registered login page). The user need type nothing further and merely clicks the
submit button and login proceeds. Observe that the URRSA service does not
authenticate the user. It has no need to, since it does not know any of the user’s
passwords and merely decrypts and forwards.
If we compare the user experience between logging in directly (i.e. navigating
directly to the login server and risking a keylogger) and using our service we
find as follows (we will use PayPal as an example). To go directly to the login
server the user types https://www.paypal.com in the address bar and then his
userID and password and clicks submit. To login using our service the user types
http://{URRSA}/OTPLogin in the address bar, then types www.paypal.com and
his userID at the loaded page and submits. A new page loads on which he enters
the requested OTP and submits. Finally, when the https://{URRSA 1} page
loads (which will be a copy of the https://www.paypal.com just loaded by the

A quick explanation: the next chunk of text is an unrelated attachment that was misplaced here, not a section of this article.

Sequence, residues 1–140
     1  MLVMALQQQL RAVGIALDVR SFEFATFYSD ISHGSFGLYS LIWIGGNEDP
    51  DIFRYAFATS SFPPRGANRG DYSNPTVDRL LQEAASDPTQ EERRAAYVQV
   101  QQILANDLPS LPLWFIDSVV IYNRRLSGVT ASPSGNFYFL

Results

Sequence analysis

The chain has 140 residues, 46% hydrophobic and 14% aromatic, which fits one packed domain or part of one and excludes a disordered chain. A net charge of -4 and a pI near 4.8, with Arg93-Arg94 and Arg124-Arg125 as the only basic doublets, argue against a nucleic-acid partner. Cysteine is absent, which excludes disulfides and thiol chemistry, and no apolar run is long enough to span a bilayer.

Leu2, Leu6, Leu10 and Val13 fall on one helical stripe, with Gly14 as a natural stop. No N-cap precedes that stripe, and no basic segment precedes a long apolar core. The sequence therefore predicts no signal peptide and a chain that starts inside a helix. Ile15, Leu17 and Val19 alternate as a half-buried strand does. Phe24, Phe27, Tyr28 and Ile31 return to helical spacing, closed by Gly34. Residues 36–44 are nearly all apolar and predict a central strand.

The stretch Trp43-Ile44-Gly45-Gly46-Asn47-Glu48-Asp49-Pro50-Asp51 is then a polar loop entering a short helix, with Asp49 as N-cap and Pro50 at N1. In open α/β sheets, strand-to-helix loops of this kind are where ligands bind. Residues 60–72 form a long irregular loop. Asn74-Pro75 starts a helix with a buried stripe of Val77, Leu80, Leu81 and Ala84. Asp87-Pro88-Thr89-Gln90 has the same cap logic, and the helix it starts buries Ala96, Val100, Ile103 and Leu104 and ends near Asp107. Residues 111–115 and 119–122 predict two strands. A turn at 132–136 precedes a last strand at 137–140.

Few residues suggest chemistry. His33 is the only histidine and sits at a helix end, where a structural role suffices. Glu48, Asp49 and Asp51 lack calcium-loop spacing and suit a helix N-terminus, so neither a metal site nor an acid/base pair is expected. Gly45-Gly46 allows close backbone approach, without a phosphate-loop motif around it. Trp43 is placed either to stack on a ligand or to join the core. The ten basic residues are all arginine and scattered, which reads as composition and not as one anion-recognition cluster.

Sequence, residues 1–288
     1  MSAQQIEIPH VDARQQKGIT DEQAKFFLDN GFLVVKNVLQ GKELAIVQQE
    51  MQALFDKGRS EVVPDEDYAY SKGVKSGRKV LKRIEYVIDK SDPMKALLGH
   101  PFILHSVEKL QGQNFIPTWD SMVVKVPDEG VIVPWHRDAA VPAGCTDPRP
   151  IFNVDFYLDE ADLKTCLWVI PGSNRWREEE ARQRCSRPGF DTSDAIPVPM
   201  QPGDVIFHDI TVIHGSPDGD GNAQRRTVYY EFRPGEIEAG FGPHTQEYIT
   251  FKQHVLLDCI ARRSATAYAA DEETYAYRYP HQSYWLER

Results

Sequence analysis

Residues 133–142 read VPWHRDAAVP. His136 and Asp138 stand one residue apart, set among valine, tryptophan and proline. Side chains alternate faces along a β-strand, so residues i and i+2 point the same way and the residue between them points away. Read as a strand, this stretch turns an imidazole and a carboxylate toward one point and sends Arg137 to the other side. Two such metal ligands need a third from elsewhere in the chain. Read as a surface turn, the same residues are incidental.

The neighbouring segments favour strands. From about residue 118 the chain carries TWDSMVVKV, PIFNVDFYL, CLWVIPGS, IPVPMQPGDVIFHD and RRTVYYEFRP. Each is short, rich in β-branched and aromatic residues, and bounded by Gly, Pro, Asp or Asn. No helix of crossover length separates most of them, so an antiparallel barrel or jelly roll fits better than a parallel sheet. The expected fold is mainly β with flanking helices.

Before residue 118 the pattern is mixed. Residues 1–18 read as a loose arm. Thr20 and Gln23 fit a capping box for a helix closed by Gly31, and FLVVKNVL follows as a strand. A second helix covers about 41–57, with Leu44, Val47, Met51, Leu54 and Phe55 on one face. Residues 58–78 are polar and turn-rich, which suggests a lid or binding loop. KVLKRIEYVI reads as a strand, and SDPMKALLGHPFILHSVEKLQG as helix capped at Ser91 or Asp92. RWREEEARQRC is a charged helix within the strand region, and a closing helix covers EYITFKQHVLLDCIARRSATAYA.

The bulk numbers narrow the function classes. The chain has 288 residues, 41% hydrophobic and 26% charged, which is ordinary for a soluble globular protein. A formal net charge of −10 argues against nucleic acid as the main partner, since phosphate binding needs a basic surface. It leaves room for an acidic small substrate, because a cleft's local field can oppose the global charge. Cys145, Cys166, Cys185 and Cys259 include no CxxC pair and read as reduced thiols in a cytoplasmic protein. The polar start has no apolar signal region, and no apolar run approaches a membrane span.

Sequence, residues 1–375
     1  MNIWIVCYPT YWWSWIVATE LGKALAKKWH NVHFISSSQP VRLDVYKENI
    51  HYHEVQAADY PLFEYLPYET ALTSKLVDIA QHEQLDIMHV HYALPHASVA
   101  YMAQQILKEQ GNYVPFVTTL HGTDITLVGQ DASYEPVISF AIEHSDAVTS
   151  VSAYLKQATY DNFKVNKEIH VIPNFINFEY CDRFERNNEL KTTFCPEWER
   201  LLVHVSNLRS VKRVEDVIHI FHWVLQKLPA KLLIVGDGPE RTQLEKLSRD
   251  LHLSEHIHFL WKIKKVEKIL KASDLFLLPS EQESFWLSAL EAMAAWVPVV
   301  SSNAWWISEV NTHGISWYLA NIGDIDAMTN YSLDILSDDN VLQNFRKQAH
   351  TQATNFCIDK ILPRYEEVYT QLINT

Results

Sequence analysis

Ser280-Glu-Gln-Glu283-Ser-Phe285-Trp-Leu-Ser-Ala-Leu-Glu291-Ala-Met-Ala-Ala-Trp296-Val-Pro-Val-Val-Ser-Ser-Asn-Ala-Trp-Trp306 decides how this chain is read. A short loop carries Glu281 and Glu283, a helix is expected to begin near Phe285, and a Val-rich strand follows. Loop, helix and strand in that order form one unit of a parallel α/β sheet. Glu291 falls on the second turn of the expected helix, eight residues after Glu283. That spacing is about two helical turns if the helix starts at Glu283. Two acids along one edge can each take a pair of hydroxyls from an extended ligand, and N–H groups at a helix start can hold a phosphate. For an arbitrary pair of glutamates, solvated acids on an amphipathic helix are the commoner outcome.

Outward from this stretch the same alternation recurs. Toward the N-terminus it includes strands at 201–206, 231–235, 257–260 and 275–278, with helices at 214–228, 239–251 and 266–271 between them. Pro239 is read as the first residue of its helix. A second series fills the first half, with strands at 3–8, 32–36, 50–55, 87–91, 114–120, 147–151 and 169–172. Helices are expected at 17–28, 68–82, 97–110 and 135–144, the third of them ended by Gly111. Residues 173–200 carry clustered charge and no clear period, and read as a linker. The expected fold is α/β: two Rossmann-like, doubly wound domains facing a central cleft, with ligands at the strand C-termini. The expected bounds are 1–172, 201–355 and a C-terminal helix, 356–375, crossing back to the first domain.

service) he clicks submit one more time. Thus it can be seen that the additional
burden on the user is not very great: the user has one additional URL to type,
and two additional clicks. The sequence of events is detailed in Section A.2.
3.3
Acting as a MITM Webservice
The MITM service that URRSA performs can be regarded as a reverse proxy [23].
Conceptually (if we dealt only with static HTML pages) a reverse proxy works by
fetching a first document for the client and translating all links therein to again
go through the proxy. For example if the client wants https://www.abc.com/foo
it would instead ask for https://{URRSA 1}/foo. The proxy receives the request
and forwards to the server at www.abc.com; the server delivers the request to the
proxy, which passes it back to the client browser. This is not to be confused with
a HTTP proxy, where the browser is configured to direct all traffic to the proxy
[23]. Reverse proxies are also sometimes known as CGIproxies after a particularly popular family of implementations [6]. While conceptually simple, reverse
proxying modern web-sites is a complex task. Examples of reverse proxy can be
seen at any of a number of anonymizing web proxies. However most anonymizing
proxies offer a somewhat brittle experience [26]. In particular dynamically generated links are often handled incorrectly, and missing images and broken links
are a common experience. In addition many are unable to handle SSL traffic
successfully, certificate errors are common, and cookies do not always get correctly assigned. We are unaware of a single anonymizing reverse proxy that is